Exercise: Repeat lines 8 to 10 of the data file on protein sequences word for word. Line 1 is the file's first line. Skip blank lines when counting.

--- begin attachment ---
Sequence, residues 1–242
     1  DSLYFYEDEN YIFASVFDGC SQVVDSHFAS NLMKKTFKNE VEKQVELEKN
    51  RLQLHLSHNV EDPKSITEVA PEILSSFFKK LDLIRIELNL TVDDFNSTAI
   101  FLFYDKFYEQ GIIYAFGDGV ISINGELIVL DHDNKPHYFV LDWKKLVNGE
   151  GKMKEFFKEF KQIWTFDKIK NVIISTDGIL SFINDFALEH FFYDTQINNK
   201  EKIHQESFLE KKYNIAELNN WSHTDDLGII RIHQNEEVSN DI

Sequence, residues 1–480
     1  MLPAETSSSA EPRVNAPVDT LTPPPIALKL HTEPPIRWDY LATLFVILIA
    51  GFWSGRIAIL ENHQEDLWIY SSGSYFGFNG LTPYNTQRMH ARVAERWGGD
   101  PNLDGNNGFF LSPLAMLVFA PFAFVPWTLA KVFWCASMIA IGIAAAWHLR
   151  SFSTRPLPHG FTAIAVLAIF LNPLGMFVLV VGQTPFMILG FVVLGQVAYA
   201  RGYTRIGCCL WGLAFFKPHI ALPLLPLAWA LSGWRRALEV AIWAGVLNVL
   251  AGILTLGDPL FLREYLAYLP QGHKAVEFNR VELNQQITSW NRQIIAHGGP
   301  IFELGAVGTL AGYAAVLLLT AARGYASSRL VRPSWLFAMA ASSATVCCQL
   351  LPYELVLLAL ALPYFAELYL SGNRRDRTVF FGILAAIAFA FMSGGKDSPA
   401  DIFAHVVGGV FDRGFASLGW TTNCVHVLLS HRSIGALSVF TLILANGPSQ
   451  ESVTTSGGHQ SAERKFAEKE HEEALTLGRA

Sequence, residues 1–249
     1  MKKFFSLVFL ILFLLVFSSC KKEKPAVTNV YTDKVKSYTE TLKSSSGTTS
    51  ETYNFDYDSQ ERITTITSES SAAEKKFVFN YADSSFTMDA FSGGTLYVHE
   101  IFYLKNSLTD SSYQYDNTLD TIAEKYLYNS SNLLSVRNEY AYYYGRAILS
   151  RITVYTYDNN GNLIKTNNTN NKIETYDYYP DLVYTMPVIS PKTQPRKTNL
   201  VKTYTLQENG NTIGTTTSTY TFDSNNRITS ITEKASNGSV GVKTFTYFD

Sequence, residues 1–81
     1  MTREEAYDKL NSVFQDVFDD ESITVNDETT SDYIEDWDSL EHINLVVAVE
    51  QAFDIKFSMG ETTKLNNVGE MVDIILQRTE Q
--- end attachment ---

     1  MLPAETSSSA EPRVNAPVDT LTPPPIALKL HTEPPIRWDY LATLFVILIA
    51  GFWSGRIAIL ENHQEDLWIY SSGSYFGFNG LTPYNTQRMH ARVAERWGGD
   101  PNLDGNNGFF LSPLAMLVFA PFAFVPWTLA KVFWCASMIA IGIAAAWHLR